People want to come back because of how Time by Ping treats the people they interact with — both their employees, but also outside people as well. I’ve seen a lot of examples of kindness. They really try to get to know people and make sure everybody’s having a good time.
"People want to come back because of how Time by Ping treats the people they interact with — both their employees, but also outside people as well."
We had this coach, Mike Rizzi, back in the day. This was before we had a VP of Engineering, so we needed someone to do it temporarily. He talked about how he’d been to a lot of different companies, but something really stood out about Time by Ping. It wasn’t just oh, people are treating me well, but that they’re treating everybody well.
Since you contracted, left, and came back, how have you seen that culture change, or perhaps solidify, in your time here?
I would say it’s solidified. The first thing that struck me, and was something that actually was helpful to me coming back, was having OKRs. We had goals, but they weren’t always well-defined. OKRs really help us step out and look at the larger picture. Overall, we now have a sense of better organization and strategic leadership.
What has been the most fulfilling aspect of your role at Time by Ping?
Helping customers! Things would come up because we have a lot of legacy code that can behave in an undefined manner sometimes. You have to really dig into it and understand the complexity of our legacy systems. We’ve stabilized a bit, where before the customer needed it fixed ASAP, and now they’ll wait a day or two. Being able to jump into fires and firefight, that feels pretty rewarding.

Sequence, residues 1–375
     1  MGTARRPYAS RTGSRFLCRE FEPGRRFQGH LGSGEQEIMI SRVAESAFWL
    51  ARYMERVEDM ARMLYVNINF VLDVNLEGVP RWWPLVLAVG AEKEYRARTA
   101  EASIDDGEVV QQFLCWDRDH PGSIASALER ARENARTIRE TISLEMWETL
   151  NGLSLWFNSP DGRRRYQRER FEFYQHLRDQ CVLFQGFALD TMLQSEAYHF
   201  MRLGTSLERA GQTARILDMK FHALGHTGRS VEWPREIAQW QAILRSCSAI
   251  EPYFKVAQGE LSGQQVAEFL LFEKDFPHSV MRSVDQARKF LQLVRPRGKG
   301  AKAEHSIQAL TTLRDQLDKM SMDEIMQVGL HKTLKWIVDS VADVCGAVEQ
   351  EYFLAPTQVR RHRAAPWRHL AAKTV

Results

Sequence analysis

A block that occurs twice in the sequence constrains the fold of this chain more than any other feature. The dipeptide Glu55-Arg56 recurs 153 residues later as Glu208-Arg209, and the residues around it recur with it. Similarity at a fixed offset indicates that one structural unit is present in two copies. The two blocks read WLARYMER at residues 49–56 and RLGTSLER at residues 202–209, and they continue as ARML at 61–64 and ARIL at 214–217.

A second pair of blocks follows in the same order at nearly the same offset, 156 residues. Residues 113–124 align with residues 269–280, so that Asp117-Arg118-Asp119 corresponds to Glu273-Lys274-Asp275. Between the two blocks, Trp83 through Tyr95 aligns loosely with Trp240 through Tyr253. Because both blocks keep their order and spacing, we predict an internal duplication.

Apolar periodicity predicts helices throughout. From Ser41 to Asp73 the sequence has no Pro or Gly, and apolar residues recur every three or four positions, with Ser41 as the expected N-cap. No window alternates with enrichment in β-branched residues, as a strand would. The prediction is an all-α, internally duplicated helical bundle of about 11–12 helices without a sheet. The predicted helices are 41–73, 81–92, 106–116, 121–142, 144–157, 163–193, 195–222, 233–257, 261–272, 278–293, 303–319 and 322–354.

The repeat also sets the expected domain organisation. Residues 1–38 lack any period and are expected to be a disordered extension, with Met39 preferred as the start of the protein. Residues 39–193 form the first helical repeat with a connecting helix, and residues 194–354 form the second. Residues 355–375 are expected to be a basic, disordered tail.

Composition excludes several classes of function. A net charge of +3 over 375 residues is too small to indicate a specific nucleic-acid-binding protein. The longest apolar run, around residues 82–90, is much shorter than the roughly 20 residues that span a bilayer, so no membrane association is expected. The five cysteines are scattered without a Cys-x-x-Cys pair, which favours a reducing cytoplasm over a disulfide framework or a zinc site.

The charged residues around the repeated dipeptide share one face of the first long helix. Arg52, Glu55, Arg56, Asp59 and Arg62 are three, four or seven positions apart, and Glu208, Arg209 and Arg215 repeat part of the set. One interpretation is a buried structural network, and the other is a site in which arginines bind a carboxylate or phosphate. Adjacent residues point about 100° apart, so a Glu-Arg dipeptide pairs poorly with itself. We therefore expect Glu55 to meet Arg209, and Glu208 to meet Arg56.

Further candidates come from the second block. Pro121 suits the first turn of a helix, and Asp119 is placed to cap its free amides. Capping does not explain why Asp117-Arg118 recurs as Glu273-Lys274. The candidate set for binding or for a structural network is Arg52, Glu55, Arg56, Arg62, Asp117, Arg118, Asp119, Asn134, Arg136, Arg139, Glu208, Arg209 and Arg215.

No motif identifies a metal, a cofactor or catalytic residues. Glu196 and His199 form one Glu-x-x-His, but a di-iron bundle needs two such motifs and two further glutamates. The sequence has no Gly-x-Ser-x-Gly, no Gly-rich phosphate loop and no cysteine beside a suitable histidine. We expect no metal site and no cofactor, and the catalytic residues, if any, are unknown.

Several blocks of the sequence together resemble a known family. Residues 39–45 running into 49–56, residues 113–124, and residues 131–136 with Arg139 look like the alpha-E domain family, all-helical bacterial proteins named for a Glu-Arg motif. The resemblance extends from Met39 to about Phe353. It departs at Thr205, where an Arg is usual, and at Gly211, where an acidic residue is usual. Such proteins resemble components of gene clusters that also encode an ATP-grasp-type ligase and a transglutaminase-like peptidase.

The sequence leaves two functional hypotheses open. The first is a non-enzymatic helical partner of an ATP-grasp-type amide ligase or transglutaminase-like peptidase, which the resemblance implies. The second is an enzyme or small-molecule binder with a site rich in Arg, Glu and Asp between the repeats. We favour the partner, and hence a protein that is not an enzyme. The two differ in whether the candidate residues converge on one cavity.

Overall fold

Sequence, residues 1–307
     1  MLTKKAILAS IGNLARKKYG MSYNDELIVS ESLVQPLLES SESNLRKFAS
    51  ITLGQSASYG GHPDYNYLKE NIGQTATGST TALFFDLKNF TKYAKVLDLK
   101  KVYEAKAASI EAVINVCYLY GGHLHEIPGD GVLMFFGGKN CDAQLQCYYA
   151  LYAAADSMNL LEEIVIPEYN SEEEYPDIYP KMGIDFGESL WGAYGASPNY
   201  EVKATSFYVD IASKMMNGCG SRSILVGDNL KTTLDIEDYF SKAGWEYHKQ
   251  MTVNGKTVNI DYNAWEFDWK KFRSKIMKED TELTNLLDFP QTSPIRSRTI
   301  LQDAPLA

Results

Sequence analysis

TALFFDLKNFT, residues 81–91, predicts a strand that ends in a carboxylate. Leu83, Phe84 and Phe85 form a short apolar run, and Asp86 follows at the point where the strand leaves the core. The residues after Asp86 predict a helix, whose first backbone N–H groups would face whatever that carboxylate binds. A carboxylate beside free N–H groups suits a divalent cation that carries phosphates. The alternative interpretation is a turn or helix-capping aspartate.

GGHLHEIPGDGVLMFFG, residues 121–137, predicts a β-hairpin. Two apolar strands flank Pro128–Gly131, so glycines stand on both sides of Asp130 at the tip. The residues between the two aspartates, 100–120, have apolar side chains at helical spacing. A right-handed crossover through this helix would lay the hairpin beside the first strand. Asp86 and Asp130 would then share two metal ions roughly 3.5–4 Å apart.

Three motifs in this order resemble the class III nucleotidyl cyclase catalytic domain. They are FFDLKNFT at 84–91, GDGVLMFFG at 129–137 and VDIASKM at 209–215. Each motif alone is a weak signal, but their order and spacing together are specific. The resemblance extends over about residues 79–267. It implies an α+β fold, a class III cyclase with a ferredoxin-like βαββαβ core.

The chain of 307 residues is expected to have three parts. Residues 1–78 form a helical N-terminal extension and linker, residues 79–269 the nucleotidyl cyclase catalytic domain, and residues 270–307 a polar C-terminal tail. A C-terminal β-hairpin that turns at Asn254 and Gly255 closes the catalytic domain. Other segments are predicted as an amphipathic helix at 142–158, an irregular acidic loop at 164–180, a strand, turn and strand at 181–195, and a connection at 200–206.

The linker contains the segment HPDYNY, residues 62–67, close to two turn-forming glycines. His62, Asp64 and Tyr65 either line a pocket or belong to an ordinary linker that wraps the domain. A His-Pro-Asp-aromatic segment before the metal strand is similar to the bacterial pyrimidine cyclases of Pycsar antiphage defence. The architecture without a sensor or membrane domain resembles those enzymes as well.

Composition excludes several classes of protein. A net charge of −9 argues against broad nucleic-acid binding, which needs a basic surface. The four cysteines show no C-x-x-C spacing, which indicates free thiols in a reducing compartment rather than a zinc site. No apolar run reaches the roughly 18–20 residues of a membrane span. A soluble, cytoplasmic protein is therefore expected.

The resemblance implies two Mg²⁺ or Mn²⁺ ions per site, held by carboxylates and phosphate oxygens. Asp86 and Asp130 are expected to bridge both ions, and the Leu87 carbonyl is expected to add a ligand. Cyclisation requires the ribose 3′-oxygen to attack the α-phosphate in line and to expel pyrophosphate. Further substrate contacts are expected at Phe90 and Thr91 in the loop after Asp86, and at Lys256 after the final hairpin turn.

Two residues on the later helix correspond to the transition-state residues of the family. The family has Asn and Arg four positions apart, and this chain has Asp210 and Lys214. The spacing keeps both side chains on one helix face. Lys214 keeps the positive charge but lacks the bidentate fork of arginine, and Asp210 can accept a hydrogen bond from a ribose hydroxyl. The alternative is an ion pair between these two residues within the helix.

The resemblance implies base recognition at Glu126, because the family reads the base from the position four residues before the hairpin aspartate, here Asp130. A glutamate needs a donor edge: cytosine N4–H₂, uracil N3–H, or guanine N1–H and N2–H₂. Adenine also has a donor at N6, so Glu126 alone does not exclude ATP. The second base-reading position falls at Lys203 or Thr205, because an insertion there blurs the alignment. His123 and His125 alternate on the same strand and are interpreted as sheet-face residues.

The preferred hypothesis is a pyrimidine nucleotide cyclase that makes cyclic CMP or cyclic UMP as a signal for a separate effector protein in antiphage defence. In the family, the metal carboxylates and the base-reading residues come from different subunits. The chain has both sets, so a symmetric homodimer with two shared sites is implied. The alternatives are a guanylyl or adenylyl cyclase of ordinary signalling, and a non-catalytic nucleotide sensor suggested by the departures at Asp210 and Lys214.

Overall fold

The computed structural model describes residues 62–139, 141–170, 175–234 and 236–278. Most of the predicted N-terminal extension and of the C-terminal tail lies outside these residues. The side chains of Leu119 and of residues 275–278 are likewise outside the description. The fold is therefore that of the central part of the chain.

How do you think getting your start at Microsoft prepared you to work at Time by Ping?
The number one thing has been my attention to detail. At Microsoft, they are nitpicky about every single thing. Your code had to be perfect. If you mess up, someone’s going to call you out on it. And you’d have to fix your own code. It’s a lot of pressure, but I think it really helped me to think critically.
What are the differences in culture at a place like Microsoft vs. Time by Ping?
I feel like I can get to know people without going as far out of my way. When you’re at a company like Microsoft, it’s so large that the only way to connect with people is by going to their planned social events. We have socials that Time by Ping, but I feel like I know the people already from other work meetings. It’s more of a core group, whereas with the larger company, you have to put so much more effort towards building relationships with other team members. The structure can get crazy.